Scottish Cervical Screening Programme
Information for Colposcopists Test of Cure
This information leaflet is intended to help with the management of women
after treatment for CIN following the introduction of HPV testing as part of Test
Currently in Scotland women who have had treatment for CIN are followed up
with annual cervical screening tests (cytology only). Following an early
implementation study in six Health Boards Test of Cure will be implemented
throughout Scotland from the 30th April 2012. This means that women treated
from the 31st October will be included in Test of Cure and informed of the
change in pathway. It is known that women who have no cytological
abnormalities and are HPV negative six months post treatment of CIN can be
returned to routine three yearly screening. After treatment women will be
followed up in primary care and will have a cervical screening test (cytology)
and HPV test for high risk types performed from the cervical sample.
When cytology is negative or BNA and the HPV test is negative the woman is
discharged to routine three yearly screening. Those with negative,
unsatisfactory or abnormal cytology and HPV positive test will be referred
back to colposcopy.
Information about Test of Cure and HPV testing should be given to women at
time of treatment; a national patient information leaflet will be circulated to all
colposcopy clinics with the intention of allaying confusion/anxieties. This
should be provided to women either at the time of the visit or the time of
Frequently asked questions
Human Papilloma Virus
What is Human Papilloma Virus (HPV)?
HPV is a very common virus which, although usually harmless, can damage cells
including those in the cervix. There are around 100 different types of HPV and
around 15 HPV types can damage the cells in the cervix. Usually the body’s immune
system fights off HPV infections naturally. However, some types of HPV are harder
to get rid of and some (most notably types 16 and 18) have been confirmed as
agents causing cervical cancer. It is these types that are being tested for. Unlike
types 6 and 11 (which cause genital warts) these types do not produce visible
symptoms. Almost all cervical cancers contain HPV DNA.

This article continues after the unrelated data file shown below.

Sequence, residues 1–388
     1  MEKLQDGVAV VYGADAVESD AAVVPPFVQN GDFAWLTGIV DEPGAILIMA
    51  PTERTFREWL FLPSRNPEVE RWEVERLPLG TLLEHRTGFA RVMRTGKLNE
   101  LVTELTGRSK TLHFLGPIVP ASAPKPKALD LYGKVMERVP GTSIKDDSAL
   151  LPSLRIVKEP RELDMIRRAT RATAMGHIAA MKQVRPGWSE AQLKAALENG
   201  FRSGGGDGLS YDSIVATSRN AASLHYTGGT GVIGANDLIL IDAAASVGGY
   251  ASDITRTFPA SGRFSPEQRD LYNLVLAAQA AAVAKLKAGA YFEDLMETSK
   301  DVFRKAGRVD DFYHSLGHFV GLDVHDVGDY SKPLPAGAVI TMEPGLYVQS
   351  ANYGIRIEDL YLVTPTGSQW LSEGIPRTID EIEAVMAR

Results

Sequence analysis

The virus replicates within the epithelium or mucosa of the cervix and sheds in
exfoliated cells which can be detected in cytology samples.
Why test for HPV?
HPV testing is designed to allow women to return to routine three yearly screening
after just six months. The current follow up of treated women involves annual
cytology screening for five years before they return to routine recall. The HPV test of
cure can avoid the need for this by helping to assess the risk of residual disease in
women. Women who have normal cytology and HPV negative six months after
treatment can safely return to routine three yearly screening.
How is the test done?
HPV testing is performed on the sample taken for the cytology test. The material left
after the cytology slides have been prepared is used to test for HPV.
How is HPV acquired?
It is generally accepted that cervical HPV infection is acquired through sexual
contact. The epidemiology of cervical cancer has for many years indicated increased
risk in women with multiple partners and early onset of sexual activity. This suggests
that a sexually transmitted agent is involved in cervical carcinogenesis.
It is common for women to state that their current partner has been their only sexual
partner, and for their partner to say the same. Theoretically, if two virgins form a
faithful sexual relationship there should be no opportunity to acquire HPV. Yet we
know that some women in relationships of this type do test HPV positive. HPV
infections can persist for many years and it is not possible to be sure when the